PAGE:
George C. Watkins
Sophia Curran Watkins (1855)
He entered state politics serving first as Attorney General of Arkansas in 1843 and later as Chief Justice of the Supreme Court of Arkansas from 1852 to 1854.
His most important ruling as Justice of the Arkansas Supreme Court was the case of Merrick vs. Avery in 1854 where he based his reasoning on the case of The Genesse Chief vs. Fitzhugh. H...
Attended Yale College
Chief Justice of the Supreme Court (AK) 1852-1854
Records for the schools were sporadic, especially in the formative years of both institutions. If instructors kept comprehensive records for the Litchfield Female Academy or the Litchfield Law School, they do not survive. Researchers and staff have identified students through letters, diaries, family histories and genealogies, and town histories as well as catalogues of students printed in various years. Art and needlework have provided further identification of Female Academy Students, and Litchfield County Bar records document a number of Law School students. The history of both schools and the identification of the students who attended them owe credit to the early 20th century research and documentation efforts of Emily Noyes Vanderpoel and Samuel Fisher, and the late 20th century research and documentation efforts of Lynne Templeton Brickley and the Litchfield Historical Society staff.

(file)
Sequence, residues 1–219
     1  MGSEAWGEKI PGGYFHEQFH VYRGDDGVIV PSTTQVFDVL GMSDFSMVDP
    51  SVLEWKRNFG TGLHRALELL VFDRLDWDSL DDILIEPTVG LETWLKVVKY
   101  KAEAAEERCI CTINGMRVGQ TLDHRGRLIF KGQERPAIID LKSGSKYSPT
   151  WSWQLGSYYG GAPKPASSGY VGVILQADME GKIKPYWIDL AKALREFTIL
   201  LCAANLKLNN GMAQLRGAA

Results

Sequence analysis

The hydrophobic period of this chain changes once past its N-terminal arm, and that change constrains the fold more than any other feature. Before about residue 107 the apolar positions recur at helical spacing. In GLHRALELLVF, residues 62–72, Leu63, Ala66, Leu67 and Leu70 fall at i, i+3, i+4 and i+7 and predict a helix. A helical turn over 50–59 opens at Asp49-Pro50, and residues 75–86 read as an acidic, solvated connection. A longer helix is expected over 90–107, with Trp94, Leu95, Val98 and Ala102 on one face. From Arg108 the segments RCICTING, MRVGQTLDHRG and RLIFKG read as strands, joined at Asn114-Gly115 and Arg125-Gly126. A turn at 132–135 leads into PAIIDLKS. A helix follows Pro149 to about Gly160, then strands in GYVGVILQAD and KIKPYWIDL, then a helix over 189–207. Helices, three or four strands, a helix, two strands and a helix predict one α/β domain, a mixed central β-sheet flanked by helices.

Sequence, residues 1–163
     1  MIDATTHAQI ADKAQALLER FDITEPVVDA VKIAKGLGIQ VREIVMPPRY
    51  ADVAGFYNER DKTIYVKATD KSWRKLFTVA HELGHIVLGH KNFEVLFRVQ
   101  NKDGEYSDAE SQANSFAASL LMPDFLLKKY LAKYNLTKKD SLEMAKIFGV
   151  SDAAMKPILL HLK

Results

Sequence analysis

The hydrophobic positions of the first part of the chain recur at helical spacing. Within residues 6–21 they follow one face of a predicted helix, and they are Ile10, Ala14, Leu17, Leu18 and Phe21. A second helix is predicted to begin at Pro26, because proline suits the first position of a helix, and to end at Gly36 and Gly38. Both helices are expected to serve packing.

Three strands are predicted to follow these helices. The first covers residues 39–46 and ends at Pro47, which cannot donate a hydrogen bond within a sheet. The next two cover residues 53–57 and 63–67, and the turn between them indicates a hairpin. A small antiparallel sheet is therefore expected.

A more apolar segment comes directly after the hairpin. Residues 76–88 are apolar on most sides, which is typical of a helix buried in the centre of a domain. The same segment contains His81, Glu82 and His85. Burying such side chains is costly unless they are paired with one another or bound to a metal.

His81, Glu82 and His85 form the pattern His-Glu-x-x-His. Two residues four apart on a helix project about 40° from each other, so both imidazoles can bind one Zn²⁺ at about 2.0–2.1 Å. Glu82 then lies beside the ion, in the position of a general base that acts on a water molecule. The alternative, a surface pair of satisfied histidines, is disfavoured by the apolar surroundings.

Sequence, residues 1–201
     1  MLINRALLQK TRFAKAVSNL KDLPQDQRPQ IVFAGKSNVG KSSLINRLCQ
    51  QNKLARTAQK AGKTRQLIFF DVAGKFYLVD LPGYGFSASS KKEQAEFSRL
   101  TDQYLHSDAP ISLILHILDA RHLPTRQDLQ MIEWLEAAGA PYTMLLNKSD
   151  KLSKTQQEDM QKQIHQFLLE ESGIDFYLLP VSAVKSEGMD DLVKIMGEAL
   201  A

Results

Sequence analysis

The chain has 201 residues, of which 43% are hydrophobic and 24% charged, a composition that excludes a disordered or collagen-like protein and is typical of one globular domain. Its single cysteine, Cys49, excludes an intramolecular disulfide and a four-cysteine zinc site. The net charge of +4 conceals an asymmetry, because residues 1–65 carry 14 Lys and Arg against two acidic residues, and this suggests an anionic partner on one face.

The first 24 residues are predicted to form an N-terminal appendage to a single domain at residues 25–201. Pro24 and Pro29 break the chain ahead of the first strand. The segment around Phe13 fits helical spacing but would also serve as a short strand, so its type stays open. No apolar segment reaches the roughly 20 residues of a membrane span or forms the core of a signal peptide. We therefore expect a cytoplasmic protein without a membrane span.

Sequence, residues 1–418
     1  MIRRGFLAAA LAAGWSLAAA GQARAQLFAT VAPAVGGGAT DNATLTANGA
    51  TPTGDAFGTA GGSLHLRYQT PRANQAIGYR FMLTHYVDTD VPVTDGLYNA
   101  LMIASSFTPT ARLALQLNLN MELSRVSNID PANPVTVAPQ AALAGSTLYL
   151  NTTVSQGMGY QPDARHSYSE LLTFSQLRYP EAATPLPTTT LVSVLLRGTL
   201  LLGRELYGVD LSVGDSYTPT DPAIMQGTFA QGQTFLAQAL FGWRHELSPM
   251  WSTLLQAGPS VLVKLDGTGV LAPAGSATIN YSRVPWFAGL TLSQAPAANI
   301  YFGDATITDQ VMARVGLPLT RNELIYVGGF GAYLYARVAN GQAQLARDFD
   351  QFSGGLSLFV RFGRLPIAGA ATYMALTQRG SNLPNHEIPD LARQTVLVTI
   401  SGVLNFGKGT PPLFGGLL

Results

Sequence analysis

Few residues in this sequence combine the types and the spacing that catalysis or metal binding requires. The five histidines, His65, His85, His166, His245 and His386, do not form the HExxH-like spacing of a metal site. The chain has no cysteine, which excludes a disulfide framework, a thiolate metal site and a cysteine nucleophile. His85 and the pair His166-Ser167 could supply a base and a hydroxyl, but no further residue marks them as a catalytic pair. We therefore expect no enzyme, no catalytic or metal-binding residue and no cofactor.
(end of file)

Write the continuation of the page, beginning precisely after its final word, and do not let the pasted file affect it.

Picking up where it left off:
Hallam, John. Biographical and Pictorial History of Arkansas. Southern Historical Press, 1978.
McCaslin, Richard B. "Reconstructing a Frontier Oligarchy: Andrew Johnson's Amnesty Proclamation and Arkansas." The Arkansas Historical Quarterly 49, no. 4 (1990): 313-29. doi:10.2307/40038173.
Watkins, Francis Nathaniel. A Catalogue of the Descendants of Thomas Watkins, of Chickahomony. VA: Ludington and Aycock, 1888.
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